ubifs_boot=if ubi part UBI && ubifsmount ubi${devnum}:boot; then setenv devtype ubi; setenv bootpart 0; run scan_dev_for_boot; fi
boot_prefixes=/ /boot/
boot_scripts=boot.scr.uimg boot.scr
boot_targets=mmc1 mmc0 usb0 pxe dhcp 
boot_extlinux=sysboot ${devtype} ${devnum}:${distro_bootpart} any ${scriptaddr} ${prefix}extlinux/extlinux.conf
scan_dev_for_extlinux=if test -e ${devtype} ${devnum}:${distro_bootpart} ${prefix}extlinux/extlinux.conf; then echo Found ${prefix}extlinux/extlinux.conf; run boot_extlinux; echo SCRIPT FAILED: continuing...; fi
boot_a_script=load ${devtype} ${devnum}:${distro_bootpart} ${scriptaddr} ${prefix}${script}; source ${scriptaddr}
scan_dev_for_scripts=for script in ${boot_scripts}; do if test -e ${devtype} ${devnum}:${distro_bootpart} ${prefix}${script}; then echo Found U-Boot script ${prefix}${script}; run boot_a_script; echo SCRIPT FAILED: continuing...; fi; done
scan_dev_for_boot=echo Scanning ${devtype} ${devnum}:${distro_bootpart}...; for prefix in ${boot_prefixes}; do run scan_dev_for_extlinux; run scan_dev_for_scripts; done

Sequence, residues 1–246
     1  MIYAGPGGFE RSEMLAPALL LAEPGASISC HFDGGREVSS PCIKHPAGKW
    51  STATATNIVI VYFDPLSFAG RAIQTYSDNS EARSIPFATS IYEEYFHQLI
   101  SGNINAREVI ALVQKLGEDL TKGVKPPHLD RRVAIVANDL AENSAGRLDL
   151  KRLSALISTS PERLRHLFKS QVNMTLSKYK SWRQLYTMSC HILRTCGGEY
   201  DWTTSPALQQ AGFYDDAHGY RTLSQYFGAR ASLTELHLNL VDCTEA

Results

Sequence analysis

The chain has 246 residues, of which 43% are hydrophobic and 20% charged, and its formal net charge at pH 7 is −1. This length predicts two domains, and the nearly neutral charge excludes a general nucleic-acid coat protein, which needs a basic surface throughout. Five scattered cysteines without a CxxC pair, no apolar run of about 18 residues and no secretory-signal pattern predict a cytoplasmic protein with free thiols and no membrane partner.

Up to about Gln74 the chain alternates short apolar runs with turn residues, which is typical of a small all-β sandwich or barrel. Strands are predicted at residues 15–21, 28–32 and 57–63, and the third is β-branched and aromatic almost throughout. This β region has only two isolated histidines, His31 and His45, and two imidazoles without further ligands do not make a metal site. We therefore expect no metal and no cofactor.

scan_dev_for_boot_part=part list ${devtype} ${devnum} -bootable devplist; env exists devplist || setenv devplist 1; for distro_bootpart in ${devplist}; do if fstype ${devtype} ${devnum}:${distro_bootpart} bootfstype; then run scan_dev_for_boot; fi; done
bootcmd_mmc1=setenv devnum 1; run mmc_boot
bootcmd_mmc0=setenv devnum 0; run mmc_boot
bootcmd_usb0=setenv devnum 0; run usb_boot
bootcmd_pxe=run boot_net_usb_start; run boot_net_pci_enum; dhcp; if pxe get; then pxe boot; fi
bootcmd_dhcp=run boot_net_usb_start; run boot_net_pci_enum; if dhcp ${scriptaddr} ${boot_script_dhcp}; then source ${scriptaddr}; fi
distro_bootcmd=for target in ${boot_targets}; do run bootcmd_${target}; done

And for good measure, here is cat /proc/mtd:

dev:    size   erasesize  name
mtd0: 0e000000 00040000 "MFS"
mtd1: 00300000 00040000 "BCT"
mtd2: 00040000 00040000 "PT"
mtd3: 00200000 00040000 "EBT"